FGM is also a large problem in many countries outside of Africa. Pakman rebuts Aslan here: “FGM is almost exclusively a Muslim problem outside of Africa. Practically all FGM outside of Africa is practiced by Muslims in the Middle East and Asia.” He lists 25 countries outside of Africa where FGM is a huge problem, including Afghanistan, Pakistan, Jordan, Kuwait, India, Thailand and so on. Twenty of those countries are majority Muslim states, and in the five that are not, FGM is only practiced in Muslim-populated areas of those five states.
Pakman further explains that these numbers are likely underrepresented because it’s more difficult to collect data with surveys in the Middle East than in Africa, and because “researchers and organizations are often in fear of seeming bigoted… specifically, Islamophobic.”
Even with data that possibly under-represents the problem, Reza’s bold and liberal-pleasing remarks, backed only by his distorted credentials (and an image that contradicts his own argument), are undone by an examination of the facts.
Aslan on Islamic Free and Fair Societies for Women, Sex Slaves in the Quran
1—“(In Indonesia) women are absolutely 100 percent equal to men.”
2—Indonesia, Bangladesh and Malaysia are examples of free and open Islamic societies for women.
3—The Quran forbids slavery and Muhammad freed the slaves
Pakman’s response: “Bangladesh is known for its Islamic vigilantism against women, and in Malaysia, Islamic shariah courts notoriously treat women unfairly, not giving them full parental rights and not regarding their testimonies to be as trustworthy as men’s. Malaysian courts require women to obey their husbands, and men are entitled to women’s inheritance because it is mandated by Islamic scripture. And by the way, 93% of Muslim females in Indonesia are victims of FGM.”
With regard to slavery, the Quran never forbids slavery, it gives instruction for the treatment of slaves. Pakman corrects Aslan, noting that the slaves that Aslan says were freed by Muhammad were Muslims, and that the non-Muslims were not freed, but remained as slaves. Pakman provides the following examples from the Quran, which include Allah granting sex slaves to the prophet Muhammad:
33:50—Prophet, we have made lawful to you the wives to whom you have granted dowries and the slave girls whom God has given you as booty.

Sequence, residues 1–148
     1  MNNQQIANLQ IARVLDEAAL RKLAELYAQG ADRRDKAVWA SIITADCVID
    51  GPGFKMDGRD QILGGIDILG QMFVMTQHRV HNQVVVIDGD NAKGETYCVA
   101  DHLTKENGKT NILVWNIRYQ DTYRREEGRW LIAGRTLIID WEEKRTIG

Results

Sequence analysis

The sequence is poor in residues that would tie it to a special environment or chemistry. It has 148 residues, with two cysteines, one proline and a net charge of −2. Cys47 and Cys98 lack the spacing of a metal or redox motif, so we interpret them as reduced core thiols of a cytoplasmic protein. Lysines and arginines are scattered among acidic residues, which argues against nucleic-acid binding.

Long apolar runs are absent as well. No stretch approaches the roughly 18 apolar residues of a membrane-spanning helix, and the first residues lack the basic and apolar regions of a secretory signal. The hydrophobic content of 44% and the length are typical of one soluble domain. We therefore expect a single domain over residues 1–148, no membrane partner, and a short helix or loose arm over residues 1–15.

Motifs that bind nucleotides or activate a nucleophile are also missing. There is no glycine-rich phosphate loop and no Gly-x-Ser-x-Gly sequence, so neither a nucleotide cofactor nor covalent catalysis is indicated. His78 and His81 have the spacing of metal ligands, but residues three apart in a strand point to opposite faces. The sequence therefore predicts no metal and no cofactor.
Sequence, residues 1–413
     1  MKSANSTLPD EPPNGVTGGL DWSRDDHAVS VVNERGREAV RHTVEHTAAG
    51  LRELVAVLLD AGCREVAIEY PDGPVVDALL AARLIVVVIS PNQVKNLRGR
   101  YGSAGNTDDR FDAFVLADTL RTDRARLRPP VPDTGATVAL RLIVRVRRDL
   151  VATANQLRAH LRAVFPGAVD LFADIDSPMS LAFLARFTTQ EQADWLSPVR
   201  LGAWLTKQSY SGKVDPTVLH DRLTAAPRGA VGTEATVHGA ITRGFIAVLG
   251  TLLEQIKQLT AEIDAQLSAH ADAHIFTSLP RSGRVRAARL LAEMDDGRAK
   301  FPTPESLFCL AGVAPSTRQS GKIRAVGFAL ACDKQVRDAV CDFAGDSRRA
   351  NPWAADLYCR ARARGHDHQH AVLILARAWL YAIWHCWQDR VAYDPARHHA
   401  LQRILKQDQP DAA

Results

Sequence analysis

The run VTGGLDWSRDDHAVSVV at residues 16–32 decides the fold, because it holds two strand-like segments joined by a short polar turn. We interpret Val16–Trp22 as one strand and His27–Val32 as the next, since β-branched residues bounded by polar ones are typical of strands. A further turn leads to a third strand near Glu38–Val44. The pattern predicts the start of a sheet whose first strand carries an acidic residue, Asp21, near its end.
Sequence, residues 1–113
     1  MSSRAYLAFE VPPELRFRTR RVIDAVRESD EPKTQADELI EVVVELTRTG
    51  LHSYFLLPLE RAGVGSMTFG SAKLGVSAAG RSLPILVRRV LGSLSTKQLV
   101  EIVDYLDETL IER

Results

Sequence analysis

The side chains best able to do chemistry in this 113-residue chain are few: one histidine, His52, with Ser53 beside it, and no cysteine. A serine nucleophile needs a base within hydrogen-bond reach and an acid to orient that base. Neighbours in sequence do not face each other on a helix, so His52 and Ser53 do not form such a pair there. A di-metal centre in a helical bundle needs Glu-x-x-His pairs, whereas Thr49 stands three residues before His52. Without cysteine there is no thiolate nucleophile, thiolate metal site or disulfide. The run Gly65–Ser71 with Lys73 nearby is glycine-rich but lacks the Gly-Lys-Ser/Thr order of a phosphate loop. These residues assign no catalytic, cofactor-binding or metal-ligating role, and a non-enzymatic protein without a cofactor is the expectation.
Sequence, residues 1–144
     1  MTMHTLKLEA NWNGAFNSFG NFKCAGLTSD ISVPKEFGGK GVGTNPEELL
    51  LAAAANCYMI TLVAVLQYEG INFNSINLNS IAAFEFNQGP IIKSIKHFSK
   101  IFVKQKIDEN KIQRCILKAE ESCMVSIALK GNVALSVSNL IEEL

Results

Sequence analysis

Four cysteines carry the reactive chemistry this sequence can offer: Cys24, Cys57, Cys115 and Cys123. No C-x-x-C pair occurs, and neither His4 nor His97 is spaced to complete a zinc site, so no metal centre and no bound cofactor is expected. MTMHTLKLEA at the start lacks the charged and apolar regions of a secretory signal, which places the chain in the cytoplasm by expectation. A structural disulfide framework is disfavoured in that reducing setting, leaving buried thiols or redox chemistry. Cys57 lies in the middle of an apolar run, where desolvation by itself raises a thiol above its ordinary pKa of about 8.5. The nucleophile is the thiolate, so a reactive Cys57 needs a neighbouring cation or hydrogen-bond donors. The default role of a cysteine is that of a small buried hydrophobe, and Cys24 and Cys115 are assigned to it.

24:32—And marry those among you who are single and those who are fit among your male slaves and your female slaves.
23:5—Except with their wives and slave girls, for these are lawful to them:…
But how could Aslan be wrong? Haven’t you heard his evidence? He says he has a PhD in Islam!!!
Aslan on Hamas and Human Shields
1—It’s “nonsense” to suggest that Hamas is using human shields.
Every serious scholar on the Middle East, as Pakman points out, does not deny that Hamas uses human shields. There is video footage of rockets being fired from highly populated civilian areas, there are many international testimonies of the fact, and even Amnesty International has changed its position with regard to Hamas’ use of human shields. Hamas has also admitted to using human shields and has encouraged citizens to make themselves shields when they can.
Pakman Challenges Reza Aslan — Conversation Police in the Far Left
I wasn’t one of those taken in by Reza’s viral video where he verbally batters some people on Fox news. Perhaps this is because I’d had earlier exposure to Reza (it’s not hard for liberals to mindlessly cheer for a guy when he’s up against Fox News), and I’d seen him flaunt his credentials (I didn’t know they were false, but I didn’t understand why he kept bringing them up), and I’d seen him make relentless ad-hominem attacks on those who oppose him. I was genuinely bothered to see his viral video appear on the front of many of my friends’ Facebook pages. Now that David Pakman challenges Reza Aslan with real evidence, I would love to see Pakman’s video go viral in turn. Here it is, share it!
Reza Aslan is one among a cluster of public figures who defeat their opponents by asserting that they are bigoted. As Dave Rubin explains: “It’s using terms like racist and bigot and homophobe and sexist and all of those things… those are terms meant to shut down debate and take this moral high ground, as opposed to actually furthering debate.” If you’re like me, and you’ve ever tried to be honestly critical of any religion in a public forum, you know that these terms are always just around the corner waiting for you.
David Pakman ultimately makes a strong case against Reza’s claims, and more importantly, his ignorance-breeding, accusational methods of conducting public discourse. To conclude, a warning from Pakman:
“All true bigotry and racism must be condemned. People, Muslims, should not be hated. But in a post-enlightenment world, any idea itself should be subject to criticism. Reza Aslan’s tactics, if not critiqued, could produce a world where everyone is afraid of being labeled an Islamophobe for criticizing injustice inspired by the doctrines of Islam.” –Pakman
Have any thoughts or disagreements? Leave a comment below!